What I said to the couple holding a banner with a swastika on it

March on Washington DC, August 2, 2014 (Photo: Answer Coalition)

March on Washington DC, August 2, 2014 (Photo: Answer Coalition)

“What should we be saying instead, to make people listen and understand what is happening?”

The couple, with whom I spoke to on Saturday at the National Protest for Palestine in Washington DC, were holding a banner, with a swastika on it.

Upon seeing this sign, I immediately made my way over to them and asked them whether they felt their sign was a constructive, or destructive message, and whether they felt it would compel people to join us in protesting the atrocities that are happening in Gaza.

I went on to elaborate.

The swastika is a symbol of hate. It is a symbol of anti-Semitism, it is a reminder of the inhumanity of the Nazi regime. This symbol has no place in a protest that calls for peace for all peoples- Palestinians and Israelis.

The couple, and others on the march who emblazoned swastikas across their posters, told me they were using it to point out the irony of a once persecuted people, committing similar brutalities to another set of human beings. I reject that argument. That cruel piece of history does not need to be dredged up to chastise Israel. Instead, the universal simple moral truth, which sits enshrined within human rights law, is the only message that needs to be emblazoned on banners that chastise Israel and that call for change and freedom for Palestine.

Using a symbol of hate to call for peaceful justice, does not make sense. Using a symbol that carries contained within it, a sorrowful chapter of history for Jewish people, does not make sense. I speak as a person with a Jewish father and a stake in that history. Using that symbol, strengthens the position of those who do not wish to see the people of Palestine achieve freedom.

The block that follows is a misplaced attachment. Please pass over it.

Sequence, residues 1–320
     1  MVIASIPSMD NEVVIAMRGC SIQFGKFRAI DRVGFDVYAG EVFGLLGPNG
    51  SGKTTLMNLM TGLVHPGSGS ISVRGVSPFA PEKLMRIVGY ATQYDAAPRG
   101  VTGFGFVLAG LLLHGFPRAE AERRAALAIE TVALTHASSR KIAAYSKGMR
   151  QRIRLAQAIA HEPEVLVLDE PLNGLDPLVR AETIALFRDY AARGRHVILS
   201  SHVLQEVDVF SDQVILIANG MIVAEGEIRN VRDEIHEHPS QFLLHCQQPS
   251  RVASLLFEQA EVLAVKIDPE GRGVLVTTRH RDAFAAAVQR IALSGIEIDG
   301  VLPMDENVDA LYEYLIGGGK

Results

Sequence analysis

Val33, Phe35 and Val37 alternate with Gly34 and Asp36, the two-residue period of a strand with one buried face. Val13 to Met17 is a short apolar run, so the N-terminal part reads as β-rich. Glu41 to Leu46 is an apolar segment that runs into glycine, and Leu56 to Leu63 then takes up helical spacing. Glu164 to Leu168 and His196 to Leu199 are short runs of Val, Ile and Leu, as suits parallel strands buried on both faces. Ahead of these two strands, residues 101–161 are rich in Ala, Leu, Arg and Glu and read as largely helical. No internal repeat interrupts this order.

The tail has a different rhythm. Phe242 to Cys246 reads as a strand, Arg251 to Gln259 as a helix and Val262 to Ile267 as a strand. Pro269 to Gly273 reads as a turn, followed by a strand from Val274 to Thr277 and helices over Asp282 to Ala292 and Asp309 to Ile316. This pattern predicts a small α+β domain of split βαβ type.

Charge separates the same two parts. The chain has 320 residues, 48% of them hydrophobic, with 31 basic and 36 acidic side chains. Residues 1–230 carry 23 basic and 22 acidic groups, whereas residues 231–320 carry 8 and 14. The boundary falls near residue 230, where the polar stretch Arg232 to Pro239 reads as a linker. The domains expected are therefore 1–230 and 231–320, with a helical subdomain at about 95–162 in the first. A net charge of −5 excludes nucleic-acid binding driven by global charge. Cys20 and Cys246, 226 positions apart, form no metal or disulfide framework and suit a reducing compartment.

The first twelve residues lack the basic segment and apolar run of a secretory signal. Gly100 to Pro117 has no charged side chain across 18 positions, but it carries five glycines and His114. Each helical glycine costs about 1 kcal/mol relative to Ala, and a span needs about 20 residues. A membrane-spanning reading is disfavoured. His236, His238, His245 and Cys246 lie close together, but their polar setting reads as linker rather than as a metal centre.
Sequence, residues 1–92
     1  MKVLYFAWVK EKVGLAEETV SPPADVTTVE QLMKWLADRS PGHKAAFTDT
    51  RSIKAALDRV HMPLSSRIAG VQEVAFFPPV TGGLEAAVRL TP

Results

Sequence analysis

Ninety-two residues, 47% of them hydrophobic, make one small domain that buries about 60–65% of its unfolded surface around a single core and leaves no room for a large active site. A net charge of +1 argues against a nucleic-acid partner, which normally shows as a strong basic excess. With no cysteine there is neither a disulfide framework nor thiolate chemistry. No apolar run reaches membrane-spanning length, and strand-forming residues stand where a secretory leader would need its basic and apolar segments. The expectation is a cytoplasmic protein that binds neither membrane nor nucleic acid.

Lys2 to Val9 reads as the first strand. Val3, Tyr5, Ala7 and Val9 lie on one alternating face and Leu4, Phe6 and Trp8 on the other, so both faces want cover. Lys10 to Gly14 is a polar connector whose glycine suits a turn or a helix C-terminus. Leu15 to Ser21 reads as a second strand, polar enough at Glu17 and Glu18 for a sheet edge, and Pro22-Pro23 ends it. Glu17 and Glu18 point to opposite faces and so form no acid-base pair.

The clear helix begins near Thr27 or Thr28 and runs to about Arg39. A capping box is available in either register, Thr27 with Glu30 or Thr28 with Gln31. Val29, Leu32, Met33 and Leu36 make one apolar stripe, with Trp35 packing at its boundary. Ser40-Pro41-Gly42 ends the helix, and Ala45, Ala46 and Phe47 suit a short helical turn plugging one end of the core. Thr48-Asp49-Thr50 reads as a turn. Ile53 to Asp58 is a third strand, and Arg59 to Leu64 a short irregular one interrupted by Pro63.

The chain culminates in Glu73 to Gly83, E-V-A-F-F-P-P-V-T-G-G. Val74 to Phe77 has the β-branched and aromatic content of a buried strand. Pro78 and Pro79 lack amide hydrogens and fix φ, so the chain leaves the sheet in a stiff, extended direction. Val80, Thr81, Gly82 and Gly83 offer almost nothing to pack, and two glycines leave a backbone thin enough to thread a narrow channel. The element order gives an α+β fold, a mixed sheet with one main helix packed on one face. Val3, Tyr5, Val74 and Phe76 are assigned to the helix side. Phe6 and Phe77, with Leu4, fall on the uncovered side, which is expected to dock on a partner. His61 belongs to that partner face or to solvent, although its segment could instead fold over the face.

Upon hearing what I said, the couple put the sign face down, shook my hand, and asked, “What should we be saying instead to make people listen and understand?”

This question is key. This question exemplifies why this movement must have complete unity of message, and rest on a universal demand for human rights to be upheld, in order to end the war, end the occupation, and allow Palestinians their international right to self-determination.

This march was attended by approximately 20,000 passionate people from all races, religions and creeds. Peace activists, groups of faith, and unaffiliated individuals came to voice their moral indignation at the latest Israeli offensive that has, so brutally, claimed almost 1,800 lives throughout the Gaza Strip. The protest, like the many others all around the world, for the most part, represented what is good about humanity.

The overwhelming majority of protestors chose to display messages expressing concern and grief over the desperately sad nature of recent events. However, littered throughout those sentiments, there were a few voices that, I believe, will not help bring peace.

Those extreme voices become easier to reconcile with when such terrible atrocities are carried out against a helpless, innocent civilian population. The impunity the international community gives to these war crimes evoke a sense of injustice and anger that can as easily be negative, as it can positive.

This injustice and anger reverberates in each one of us. We are humans. We watch the news segments of pure devastation throughout Gaza, we hear the reports of blatant war crimes, and we look at pictures of the charred remains of children. These injustices make us angry, we are humans.

But what is needed now, more than ever, is the channeling of this anger for good. We need to be constructive, not destructive. Messages of hate are destructive, hurt the direction of the Palestinian solidarity movement, and take us all further away from living in a world that we desperately wish to live in.

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